In the long run, the feeling of being together and sharing experiences has become more important following last year. Audiences want to come back to these spaces – just look at the Euros! So luckily people very much want to come to the theatre again and live performances will remain our main focus.
There are also lots of things, like auditions, that just don’t work well from a production standpoint if done digitally. With a performance, I don’t think an audience would feel the same connection with something like a monologue if done virtually.
Being in the same space works best for certain mediums and the audience knows this so in terms of getting bums on seats not looking too bad.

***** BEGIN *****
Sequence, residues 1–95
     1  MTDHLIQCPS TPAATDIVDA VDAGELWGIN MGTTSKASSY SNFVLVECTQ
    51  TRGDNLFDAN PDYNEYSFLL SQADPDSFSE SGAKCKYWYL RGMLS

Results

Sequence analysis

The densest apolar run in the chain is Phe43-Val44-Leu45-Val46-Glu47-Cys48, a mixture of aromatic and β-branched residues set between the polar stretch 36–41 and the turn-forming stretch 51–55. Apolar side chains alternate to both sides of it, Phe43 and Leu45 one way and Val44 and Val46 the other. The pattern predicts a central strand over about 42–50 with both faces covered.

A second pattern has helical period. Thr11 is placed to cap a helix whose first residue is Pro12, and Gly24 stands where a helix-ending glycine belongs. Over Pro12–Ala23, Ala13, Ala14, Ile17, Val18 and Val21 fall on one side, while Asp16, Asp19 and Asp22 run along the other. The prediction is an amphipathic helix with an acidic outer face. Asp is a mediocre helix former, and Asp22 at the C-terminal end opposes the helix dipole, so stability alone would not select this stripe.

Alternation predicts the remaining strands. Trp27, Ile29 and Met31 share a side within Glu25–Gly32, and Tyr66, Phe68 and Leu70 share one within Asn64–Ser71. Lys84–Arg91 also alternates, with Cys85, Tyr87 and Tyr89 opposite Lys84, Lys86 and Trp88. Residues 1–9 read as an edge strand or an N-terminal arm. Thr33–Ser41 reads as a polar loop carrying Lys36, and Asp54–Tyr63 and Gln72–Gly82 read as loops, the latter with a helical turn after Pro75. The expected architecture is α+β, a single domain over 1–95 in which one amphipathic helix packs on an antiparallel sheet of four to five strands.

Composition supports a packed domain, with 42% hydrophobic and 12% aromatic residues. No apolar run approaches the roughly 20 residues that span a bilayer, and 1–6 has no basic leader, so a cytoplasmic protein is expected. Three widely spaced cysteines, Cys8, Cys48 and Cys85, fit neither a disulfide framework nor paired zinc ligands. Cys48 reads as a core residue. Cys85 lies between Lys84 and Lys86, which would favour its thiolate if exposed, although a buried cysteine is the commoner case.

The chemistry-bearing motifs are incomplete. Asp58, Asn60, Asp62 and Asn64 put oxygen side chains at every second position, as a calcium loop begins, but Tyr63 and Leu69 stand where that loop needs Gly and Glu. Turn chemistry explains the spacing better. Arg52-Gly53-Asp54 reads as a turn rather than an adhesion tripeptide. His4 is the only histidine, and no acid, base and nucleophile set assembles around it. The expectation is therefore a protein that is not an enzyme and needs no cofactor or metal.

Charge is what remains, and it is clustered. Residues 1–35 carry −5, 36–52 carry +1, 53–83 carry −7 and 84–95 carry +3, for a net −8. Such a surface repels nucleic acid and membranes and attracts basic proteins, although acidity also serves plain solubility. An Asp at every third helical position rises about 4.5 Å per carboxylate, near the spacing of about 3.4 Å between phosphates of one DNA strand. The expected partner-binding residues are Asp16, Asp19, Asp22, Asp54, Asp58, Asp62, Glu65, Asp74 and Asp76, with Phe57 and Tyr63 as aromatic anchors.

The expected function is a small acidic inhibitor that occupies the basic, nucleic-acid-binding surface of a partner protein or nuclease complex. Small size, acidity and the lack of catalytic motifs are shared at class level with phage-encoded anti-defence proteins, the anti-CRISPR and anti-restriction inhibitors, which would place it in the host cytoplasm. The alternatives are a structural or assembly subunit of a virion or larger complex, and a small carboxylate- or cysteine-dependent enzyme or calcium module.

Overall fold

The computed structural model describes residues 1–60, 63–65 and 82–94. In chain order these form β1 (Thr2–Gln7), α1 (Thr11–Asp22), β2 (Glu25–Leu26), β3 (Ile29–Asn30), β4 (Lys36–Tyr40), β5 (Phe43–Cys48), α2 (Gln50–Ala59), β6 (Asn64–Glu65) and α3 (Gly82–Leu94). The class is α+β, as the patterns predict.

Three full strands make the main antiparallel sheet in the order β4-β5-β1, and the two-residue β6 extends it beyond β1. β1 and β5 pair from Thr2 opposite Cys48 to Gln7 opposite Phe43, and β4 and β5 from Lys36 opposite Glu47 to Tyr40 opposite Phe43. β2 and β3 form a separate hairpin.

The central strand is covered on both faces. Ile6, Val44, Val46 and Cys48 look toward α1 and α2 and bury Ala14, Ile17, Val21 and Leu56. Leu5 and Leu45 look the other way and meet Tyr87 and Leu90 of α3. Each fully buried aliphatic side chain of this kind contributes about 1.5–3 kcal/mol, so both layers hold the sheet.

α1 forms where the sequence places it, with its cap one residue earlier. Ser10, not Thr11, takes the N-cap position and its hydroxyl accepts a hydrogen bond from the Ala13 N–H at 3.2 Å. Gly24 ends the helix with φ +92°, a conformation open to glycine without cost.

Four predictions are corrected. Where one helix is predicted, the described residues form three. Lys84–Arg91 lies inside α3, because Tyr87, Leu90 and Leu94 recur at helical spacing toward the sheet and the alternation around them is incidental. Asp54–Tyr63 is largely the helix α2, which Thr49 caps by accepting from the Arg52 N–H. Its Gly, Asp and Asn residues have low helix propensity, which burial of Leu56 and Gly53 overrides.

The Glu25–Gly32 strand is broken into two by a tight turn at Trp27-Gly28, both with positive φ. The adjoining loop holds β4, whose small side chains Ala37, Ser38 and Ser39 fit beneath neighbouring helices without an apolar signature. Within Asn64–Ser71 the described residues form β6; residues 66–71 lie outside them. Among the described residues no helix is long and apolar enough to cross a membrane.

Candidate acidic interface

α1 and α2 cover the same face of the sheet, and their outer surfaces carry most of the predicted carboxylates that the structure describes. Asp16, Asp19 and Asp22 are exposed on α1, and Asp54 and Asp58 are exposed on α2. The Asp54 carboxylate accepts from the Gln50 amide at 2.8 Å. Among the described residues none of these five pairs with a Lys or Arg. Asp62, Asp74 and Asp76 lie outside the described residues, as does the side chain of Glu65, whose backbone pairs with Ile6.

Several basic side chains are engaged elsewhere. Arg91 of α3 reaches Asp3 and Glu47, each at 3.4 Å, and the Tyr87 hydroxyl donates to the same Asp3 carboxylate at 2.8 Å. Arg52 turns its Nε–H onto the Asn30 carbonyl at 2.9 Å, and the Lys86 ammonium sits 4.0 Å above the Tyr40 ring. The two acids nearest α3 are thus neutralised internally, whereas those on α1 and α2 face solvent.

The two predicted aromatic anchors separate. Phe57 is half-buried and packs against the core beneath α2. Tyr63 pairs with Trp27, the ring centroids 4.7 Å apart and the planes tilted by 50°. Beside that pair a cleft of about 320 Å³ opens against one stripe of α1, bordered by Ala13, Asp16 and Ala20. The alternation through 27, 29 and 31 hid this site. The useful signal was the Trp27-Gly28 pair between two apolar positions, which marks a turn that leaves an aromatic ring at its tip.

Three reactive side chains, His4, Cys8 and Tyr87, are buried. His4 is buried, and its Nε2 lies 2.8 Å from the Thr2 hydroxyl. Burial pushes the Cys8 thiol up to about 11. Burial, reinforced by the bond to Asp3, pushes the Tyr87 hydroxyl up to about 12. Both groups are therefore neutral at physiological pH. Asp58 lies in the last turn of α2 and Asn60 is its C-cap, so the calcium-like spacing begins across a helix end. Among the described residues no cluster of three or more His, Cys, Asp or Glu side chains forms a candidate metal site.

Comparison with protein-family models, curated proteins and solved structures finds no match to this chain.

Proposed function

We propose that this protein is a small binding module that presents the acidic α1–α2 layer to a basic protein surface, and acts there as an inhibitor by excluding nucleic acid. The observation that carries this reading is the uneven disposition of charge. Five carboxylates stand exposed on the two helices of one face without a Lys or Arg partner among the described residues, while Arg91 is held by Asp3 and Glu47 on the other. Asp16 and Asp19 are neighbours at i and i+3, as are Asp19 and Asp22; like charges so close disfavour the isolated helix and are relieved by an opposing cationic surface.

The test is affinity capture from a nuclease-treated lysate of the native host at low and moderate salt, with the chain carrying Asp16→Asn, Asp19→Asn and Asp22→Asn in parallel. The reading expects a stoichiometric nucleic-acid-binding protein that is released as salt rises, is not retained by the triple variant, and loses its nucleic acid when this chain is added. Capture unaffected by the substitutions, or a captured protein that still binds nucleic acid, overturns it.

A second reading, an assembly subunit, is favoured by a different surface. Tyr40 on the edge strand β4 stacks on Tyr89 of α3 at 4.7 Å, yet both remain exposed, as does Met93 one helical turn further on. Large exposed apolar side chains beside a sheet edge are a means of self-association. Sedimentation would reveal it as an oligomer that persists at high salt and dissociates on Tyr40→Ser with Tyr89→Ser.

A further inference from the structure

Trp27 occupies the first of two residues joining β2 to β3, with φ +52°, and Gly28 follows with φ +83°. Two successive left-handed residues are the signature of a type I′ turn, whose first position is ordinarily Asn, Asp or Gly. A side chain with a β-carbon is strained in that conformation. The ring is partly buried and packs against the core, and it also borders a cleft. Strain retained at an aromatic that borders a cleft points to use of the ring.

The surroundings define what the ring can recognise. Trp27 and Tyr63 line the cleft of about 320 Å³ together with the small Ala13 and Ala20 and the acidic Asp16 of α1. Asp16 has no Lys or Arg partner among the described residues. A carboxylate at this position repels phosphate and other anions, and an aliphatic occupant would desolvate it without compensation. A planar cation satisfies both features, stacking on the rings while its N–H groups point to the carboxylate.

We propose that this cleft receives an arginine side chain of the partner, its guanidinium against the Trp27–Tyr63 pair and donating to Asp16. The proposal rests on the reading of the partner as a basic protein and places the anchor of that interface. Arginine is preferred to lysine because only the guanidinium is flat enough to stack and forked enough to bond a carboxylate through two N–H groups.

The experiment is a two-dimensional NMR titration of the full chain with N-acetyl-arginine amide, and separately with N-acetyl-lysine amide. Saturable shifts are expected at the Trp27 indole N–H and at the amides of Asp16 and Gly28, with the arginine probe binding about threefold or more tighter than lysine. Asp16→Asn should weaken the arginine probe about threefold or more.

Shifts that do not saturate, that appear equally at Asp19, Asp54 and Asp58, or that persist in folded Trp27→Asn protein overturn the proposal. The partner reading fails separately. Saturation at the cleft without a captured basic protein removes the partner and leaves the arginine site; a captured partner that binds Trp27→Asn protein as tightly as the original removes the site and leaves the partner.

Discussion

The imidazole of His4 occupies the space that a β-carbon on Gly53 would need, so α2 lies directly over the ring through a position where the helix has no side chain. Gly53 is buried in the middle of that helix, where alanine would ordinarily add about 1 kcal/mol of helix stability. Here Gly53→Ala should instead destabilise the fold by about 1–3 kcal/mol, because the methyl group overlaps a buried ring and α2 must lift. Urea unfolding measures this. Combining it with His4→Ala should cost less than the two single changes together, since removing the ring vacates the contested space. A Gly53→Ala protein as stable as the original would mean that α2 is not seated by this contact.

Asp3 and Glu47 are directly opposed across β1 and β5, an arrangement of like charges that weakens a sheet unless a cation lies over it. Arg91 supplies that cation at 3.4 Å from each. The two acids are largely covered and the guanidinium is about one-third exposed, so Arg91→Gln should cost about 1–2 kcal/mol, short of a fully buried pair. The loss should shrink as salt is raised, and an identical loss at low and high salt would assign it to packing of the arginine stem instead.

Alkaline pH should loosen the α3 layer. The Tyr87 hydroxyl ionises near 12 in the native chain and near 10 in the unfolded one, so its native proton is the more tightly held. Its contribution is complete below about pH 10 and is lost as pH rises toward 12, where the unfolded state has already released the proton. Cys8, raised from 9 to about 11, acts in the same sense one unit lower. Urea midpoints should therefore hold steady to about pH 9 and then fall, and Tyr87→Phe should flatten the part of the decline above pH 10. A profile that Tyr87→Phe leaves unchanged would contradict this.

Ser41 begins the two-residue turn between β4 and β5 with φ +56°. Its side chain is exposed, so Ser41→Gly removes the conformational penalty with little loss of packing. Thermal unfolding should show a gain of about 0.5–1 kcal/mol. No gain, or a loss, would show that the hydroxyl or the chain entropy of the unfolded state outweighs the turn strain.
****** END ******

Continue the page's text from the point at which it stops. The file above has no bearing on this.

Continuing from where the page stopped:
I’m positive for the future but the next few months things will remain difficult. Audiences are for the most part understanding about disruptions and very keen to return to their seats after this long intermission.
*Mouthy Money has decided to conduct these interviews anonymously to protect the identity of our interviewees who may be in a vulnerable position.
If you too have been furloughed or subject to any other government schemes to protect your income or job against the coronavirus crisis, get in touch! Please email firstname.lastname@example.org because we’d like to hear and possible share your story too.
Neil is a communications consultant based in London and has strategically invested most of his savings into wine, gin and whisky. He plays squash, the trumpet and at being a film buff.